We woke up in time for some breakfast downstairs which was, eh, okay. By 11:00 we were at the bus station waiting for the bus to Aegio. We waited almost an hour before it showed up. We tried to buy tickets from the driver but he spoke no English and eventually just waved us through to have a seat. He stopped at a roadside kiosk two minutes down the road and motioned for some money from us. He then hopped off the bus and actually bought us three tickets! I felt rather sheepish and guilty that he stopped to buy our tickets for us, but we didn't know that you couldn't buy them on the bus. Some places you can, some places you can't. We were very grateful that he was nice about it though. From Aegio we found the main bus station and caught the bus to Diakopto, our final stop. The plan was to take a scenic train ride up to Kalavryta and back. Since the train didn't leave for another hour or so we found lunch while we waited. It was pretty good - like a bacon, ham, cheese, and french fry pannini. The train ride was indeed beautiful, but not worth €19 a person. There was a distinct Splash Mountain (you know, the Disney World ride) feel to it. The mountains were massive red and tan rocks covered with pointy pine trees and scrubby brush. Below the rickety tracks was a lovely river that ran in little waterfalls over tiny cliffs and bubbled through piles of rocks. The river had me captivated the whole ride up - it looked so clear and inviting. I wanted to go play in it. At the top, in Kalavryta we got off the train for a 10 minute break. The ride back was still scenic, but I chose to read my book instead: Dan Brown's Deception Point. I thought his characters were rather flat and boring (although they had potential). The story itself was exciting, but felt like just a Hollywood script in book form. Entertaining but nothing great. Just in case you wee interested. Back at Diakopto we caught a train to Selianitika instead of going by bus. Did I mention how the train stations around here are different than most of the rest of Europe? Usually they have stern warnings about walking across the tracks and they build underground tunnels or overpasses to get across them. In Diakopto and Selianitika they don't care about that. The only way to get across the tracks is to just walk over them. I suppose they figure most people are smart enough to be able to cross the tracks without being hit all on their own. When we get off at Selianitika (which really has no actual station) we find goats on the train tracks. Their just grazing away and when they see us they stare at us with their goat eyes. For some reason goat stares are... creepy. At first I was all "Oh goats! Cool!" I figured since they were tethered I could just jump out of range if they got feisty. But as I approached them at they stared their goat-stare at me I chickened out. Creepy goats. Back at the hotel we were hungry so went to the place Chuck and I had gotten souvlakis the night before for dinner. Robyn ordered a Greek drink called Ouzo. It is an anise flavored liquor, and is pretty strong - about 40% alcohol. It's a neat drink though. If you go to the store and buy a bottle it's clear. Once you pour it into a glass of ice it turns cloudy. I looked this up and it turns out that there's a little chemical reaction that occurs call spontaneous emulsification. It occurs in many anise-flavored drinks and when the alcohol hits water it turns cloudy! Like a magic trick!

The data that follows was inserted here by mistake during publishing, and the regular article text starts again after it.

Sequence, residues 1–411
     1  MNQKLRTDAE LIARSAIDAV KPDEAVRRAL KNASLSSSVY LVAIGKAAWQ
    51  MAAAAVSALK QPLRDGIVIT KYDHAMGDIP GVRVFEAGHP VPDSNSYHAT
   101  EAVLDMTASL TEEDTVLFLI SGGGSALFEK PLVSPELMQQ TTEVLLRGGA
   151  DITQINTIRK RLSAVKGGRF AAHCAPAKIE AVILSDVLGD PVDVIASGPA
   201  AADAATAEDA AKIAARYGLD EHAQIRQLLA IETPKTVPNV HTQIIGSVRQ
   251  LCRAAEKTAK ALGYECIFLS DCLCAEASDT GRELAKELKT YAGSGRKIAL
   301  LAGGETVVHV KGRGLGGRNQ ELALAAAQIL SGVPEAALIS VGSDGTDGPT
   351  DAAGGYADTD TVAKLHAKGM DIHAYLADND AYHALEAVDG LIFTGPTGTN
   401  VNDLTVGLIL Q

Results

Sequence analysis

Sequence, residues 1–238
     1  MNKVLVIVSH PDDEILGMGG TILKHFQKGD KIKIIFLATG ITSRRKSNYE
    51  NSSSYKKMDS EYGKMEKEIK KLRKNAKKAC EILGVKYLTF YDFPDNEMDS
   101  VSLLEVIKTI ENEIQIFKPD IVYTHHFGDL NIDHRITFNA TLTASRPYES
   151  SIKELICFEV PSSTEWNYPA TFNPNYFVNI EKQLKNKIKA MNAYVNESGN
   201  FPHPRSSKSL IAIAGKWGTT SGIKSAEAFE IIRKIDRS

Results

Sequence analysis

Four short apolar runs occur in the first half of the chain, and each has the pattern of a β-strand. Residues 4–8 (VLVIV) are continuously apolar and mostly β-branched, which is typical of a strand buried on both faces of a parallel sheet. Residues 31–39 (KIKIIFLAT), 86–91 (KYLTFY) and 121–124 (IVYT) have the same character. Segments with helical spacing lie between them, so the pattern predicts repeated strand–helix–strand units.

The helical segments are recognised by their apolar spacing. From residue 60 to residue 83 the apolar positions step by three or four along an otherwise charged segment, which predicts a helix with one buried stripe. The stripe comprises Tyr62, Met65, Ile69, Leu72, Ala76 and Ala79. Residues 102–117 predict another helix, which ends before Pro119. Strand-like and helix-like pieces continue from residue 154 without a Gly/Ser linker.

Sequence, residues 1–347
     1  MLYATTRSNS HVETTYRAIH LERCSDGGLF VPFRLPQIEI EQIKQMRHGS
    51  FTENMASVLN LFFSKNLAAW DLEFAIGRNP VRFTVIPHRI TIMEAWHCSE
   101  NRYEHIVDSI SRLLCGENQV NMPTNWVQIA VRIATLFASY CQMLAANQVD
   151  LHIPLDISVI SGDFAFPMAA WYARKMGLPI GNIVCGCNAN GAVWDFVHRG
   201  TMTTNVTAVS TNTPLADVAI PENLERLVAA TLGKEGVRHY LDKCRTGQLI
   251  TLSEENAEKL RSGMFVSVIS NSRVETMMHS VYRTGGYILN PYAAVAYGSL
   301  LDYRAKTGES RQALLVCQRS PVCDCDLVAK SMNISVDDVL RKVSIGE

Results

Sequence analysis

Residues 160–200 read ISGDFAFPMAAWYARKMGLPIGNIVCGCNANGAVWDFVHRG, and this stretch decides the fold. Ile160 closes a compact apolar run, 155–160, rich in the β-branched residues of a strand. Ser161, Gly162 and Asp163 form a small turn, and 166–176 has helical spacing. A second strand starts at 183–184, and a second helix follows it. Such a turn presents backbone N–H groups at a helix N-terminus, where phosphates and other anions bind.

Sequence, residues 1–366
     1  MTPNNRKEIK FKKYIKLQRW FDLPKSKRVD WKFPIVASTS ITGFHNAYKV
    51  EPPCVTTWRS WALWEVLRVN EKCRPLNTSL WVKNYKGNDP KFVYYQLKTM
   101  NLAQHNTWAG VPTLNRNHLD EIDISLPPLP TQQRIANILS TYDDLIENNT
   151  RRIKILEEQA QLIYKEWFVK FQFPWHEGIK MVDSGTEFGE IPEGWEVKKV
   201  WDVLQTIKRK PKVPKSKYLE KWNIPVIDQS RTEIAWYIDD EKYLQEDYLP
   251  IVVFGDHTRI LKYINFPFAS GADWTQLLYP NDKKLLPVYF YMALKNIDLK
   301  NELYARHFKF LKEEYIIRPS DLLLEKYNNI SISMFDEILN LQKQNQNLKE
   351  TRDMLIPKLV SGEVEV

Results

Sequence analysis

On the 6th we had breakfast at the hotel again, and I discovered the joys of Greek yogurt and honey. I'd never thought of this before and only tried it because I saw someone else do it. It's very good! I don't know how it would taste if you used non-Greek yogurt (whatever that's called). Greek yogurt has a thickness to it that blends well with the silkiness of the honey. So that was a nice discovery. Robyn ended up going to the beach (Selianitika is right on the coast) while Chuck and I hung around the hotel a bit longer. Our room looked right out across the water and the sun shone brightly on our balcony in the early morning, so I sat out there for a bit, enjoying the heat. We eventually got up and headed out for a walk. We found Robyn lying on the beach reading her book and stopped to harass her and skip stones for a bit. Chuck is pretty good at it - some of his skipped 7 or 8 times. I can only get little stones to skip twice. If I try to throw any harder for more skips, it ends up plopping into the water with no skips. We walked some more and eventually ended up back at the hotel. At some point we went and got some lunch. While sitting there looking out at the water (pretty much all the restaurants are on the water), I saw a blobby mass bobbing along. It turned out to be a big jellyfish, about one foot across. After we ate I checked on him again and found he had floated right up to the shore and was just brushing up against the rocks there, quite dead as far as I could tell. He looked like a dark pink brain covered in a thick layer of goo with a bunch of purple-y tassels hanging underneath him. Lovely. That was about the extent of our day - very laid back. I enjoy days like that.

On the 7th we ate our breakfast (yogurt and honey for me), packed, and checked out. We headed to the bus stop to catch the bus to Aegio, and this time we were sure to buy tickets beforehand at a corner shop. In Aegio we walked to the train station, which was quite run-down, and bought our tickets to Athens. Then we waited for 4 hours. When our train finally arrived it took us 10 minutes down the road to Diakopto where we were supposed to catch a bus. We could have walked that 10 minutes in our 4 hours of waiting! It all seemed a bit ridiculous, but whatever. From Diakopto we took a bus to Aegio and from there a train to Athens.